We're not card-carrying members of the taxed enough party, but we loathe unnecessary new ones.|
We especially oppose job-killing taxes and fees and welcome reforms that make taxes fairer for all.
That's why we were pleased this week when the U.S. Senate voted 74-20 to give the Marketplace Fairness Act a full airing. The bill would allow states to compel online sellers to collect sales tax on online purchases sent to buyers in their state. Currently states can only require retailers to charge sales taxes if they have a physical presence in their borders (which dates to a 1992 Supreme Court decision that predates, if not the Internet, certainly today's robust, global virtual marketplace.) "I believe it is important to level the playing field for all retailers," says U.S. Sen. Mike Enzi, R-Wyo., who sponsored the bill with Sen. Dick Durbin, D-Ill. "We should not be subsidizing some taxpayers at the expense of others."
Anti-tax lobbyists are pushing hard against the measure. But Monday's vote suggests there is strong support for a bill that doesn't create a new tax, but rather ensures that both real and virtual retailers are subjected to the same taxation rules.
We are, of course, hardly disinterested bystanders. We rely on the dollars brick-and-mortar store advertising brings in and healthier local stores are good for newspapers. But they also, are essential to vibrant and healthy communities.
Those local retailers who employ people and pay the taxes that support schools and other services in your community are clearly hoping uniform tax collection will help their bottom line by reducing showrooming. That's where the online shopper goes to the physical store to check out a product -- for example, try on shoes, test new cologne or test drive computer features -- but heads back home to order it online.
It's easy to see why the online customer likes it; she can take advantage of all the amenities -- great lighting and displays, warm and welcoming atmosphere, and helpful sales clerks -- that the hometown store offers for her convenience without adding any of the costs of providing them to the price of the items she buys. There isn't much Congress or the marketplace can do about that.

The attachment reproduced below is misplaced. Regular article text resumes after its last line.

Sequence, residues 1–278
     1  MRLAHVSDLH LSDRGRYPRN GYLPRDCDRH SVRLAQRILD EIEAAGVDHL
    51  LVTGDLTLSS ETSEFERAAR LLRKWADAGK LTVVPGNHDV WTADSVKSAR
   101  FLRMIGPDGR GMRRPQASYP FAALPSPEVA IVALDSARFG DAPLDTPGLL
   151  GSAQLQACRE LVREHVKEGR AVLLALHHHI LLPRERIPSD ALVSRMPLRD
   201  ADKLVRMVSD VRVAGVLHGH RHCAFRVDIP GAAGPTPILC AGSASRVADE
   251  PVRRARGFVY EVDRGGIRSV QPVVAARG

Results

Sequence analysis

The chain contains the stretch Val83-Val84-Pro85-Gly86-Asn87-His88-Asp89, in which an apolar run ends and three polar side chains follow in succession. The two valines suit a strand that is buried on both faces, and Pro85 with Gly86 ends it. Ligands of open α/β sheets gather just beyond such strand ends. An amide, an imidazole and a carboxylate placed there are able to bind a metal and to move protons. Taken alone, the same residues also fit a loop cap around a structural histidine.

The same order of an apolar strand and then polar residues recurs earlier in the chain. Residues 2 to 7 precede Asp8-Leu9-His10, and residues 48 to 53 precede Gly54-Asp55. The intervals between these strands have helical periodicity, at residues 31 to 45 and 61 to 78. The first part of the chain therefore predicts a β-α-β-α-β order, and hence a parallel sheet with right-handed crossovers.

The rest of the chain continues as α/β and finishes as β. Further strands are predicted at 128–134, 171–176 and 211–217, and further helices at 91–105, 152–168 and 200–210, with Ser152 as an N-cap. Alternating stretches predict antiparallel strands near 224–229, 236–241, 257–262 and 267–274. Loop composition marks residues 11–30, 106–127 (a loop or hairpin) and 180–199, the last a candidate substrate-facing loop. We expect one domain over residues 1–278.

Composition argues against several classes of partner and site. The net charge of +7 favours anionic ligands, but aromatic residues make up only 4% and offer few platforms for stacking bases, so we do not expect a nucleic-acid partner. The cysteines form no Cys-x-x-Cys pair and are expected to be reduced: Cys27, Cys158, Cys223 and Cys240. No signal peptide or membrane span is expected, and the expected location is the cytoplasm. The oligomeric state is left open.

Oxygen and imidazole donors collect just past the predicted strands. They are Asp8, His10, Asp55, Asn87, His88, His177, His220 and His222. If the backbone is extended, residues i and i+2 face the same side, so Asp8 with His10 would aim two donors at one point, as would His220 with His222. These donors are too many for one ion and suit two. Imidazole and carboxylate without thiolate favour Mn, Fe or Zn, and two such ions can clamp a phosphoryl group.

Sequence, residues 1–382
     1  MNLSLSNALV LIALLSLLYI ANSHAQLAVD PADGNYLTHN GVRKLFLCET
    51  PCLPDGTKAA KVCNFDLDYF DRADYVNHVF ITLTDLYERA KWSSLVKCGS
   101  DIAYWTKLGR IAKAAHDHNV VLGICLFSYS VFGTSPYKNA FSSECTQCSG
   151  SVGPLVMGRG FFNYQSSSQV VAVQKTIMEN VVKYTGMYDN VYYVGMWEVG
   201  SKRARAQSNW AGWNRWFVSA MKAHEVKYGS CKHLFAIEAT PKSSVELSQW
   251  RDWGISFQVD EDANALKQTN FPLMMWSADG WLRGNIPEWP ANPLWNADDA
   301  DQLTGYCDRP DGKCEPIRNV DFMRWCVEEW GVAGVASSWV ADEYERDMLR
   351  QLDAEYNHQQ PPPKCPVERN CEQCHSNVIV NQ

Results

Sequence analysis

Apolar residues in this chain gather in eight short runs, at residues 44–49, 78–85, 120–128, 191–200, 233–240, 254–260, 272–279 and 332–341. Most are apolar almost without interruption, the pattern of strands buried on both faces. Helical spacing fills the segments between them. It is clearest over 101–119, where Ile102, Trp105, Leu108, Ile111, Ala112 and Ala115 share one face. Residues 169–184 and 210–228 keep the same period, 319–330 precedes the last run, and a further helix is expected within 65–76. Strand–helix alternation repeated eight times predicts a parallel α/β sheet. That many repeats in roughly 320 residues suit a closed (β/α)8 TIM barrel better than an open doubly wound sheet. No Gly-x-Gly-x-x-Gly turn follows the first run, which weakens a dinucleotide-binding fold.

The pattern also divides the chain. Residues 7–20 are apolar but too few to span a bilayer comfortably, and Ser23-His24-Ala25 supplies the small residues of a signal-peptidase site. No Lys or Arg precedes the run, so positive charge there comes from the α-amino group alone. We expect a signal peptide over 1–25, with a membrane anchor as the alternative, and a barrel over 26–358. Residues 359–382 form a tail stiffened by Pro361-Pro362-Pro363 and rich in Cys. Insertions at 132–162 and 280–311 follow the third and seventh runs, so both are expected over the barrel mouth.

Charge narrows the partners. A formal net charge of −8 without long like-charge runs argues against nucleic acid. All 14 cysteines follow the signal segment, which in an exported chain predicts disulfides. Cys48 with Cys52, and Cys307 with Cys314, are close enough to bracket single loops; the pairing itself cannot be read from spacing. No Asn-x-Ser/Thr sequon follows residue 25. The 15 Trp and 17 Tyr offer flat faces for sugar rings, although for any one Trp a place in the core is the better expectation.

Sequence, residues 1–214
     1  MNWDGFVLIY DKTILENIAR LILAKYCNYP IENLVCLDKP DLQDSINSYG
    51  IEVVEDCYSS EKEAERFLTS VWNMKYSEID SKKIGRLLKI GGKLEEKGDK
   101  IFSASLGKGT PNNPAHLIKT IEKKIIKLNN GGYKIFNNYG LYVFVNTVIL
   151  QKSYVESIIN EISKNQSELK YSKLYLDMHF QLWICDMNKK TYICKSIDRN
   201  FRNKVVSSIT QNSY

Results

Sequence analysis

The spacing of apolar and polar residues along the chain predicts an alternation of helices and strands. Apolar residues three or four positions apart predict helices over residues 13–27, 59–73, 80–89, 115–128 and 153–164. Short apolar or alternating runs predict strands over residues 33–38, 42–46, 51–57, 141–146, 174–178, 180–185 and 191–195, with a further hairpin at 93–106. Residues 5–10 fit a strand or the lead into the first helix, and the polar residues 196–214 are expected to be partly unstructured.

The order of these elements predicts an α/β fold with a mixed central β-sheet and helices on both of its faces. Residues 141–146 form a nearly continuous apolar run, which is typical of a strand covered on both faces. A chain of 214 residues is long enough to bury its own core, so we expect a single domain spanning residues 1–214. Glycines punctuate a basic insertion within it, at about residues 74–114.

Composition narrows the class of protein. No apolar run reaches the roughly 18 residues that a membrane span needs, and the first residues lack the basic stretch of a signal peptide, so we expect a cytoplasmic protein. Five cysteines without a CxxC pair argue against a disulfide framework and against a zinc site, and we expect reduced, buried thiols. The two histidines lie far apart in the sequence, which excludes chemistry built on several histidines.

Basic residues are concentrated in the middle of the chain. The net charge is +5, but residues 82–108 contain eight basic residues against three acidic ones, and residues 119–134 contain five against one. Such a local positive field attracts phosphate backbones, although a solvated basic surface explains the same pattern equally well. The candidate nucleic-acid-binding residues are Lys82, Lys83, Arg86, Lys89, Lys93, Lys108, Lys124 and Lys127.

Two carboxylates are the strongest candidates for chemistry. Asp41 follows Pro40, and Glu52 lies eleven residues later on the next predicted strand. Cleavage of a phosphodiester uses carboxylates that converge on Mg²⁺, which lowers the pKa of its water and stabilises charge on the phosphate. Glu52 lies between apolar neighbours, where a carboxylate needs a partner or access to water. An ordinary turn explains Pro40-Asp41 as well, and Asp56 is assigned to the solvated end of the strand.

But this new requirement would remove at least one incentive for making online purchases by subjecting them to the same sales tax a Quad-Citian might pay at, say, a local Menard's or Farm & Fleet. Though the online customer already is supposed to calculate and pay the proper sales tax to their own state and local governments, many (perhaps most?) do not. That gives the online buyer a big incentive not to shop locally. If enough of them fail do so, the result is more and more empty storefronts and fewer and fewer retail stores, big and small.
Of course, the Internet tax requirement WILL mean some will pay more taxes -- as much as $24 billion extra a year. But that is money already owed, but not collected by local taxing authorities. Those are tax dollars local governments must collected elsewhere. Either way, you pay for it.
Another bonus of the Fair Marketplace Act is that it would require states to simplify sales tax systems to make it easier for online sellers to apply the disparate tax rates. It also would exempt businesses which report less than $1 million in annual revenues each year, protecting small- and mid-size online retailers from the burden of tax collection. That seems more than fair. Indeed, we urge lawmakers to reject efforts by eBay to boost that exemption to $10 million, hardly anyone's definition (except the eBay CEO's) of a mom-and-pop operation.
We also question arguments that imposing such taxes will be far too complicated and burdensome. "Do not let the critics get away with saying this kind of simplification cannot be done," Sen. Enzi said last March. "The different tax rates and jurisdictions are no problem for today's software programs."
Indeed, Amazon.com already has such a program to collect sales tax and does so in nine states which already require it. In today's Internet savvy world, a flurry of technology entrepreneurs are sure to quickly follow with cheaper, better options.
Ultimately, If the Marketplace Fairness Act becomes law, in addition to state and local governments, the biggest winner will be local retailers.
All we can say to that is, "It's about time!"
Coal valley, IL Details
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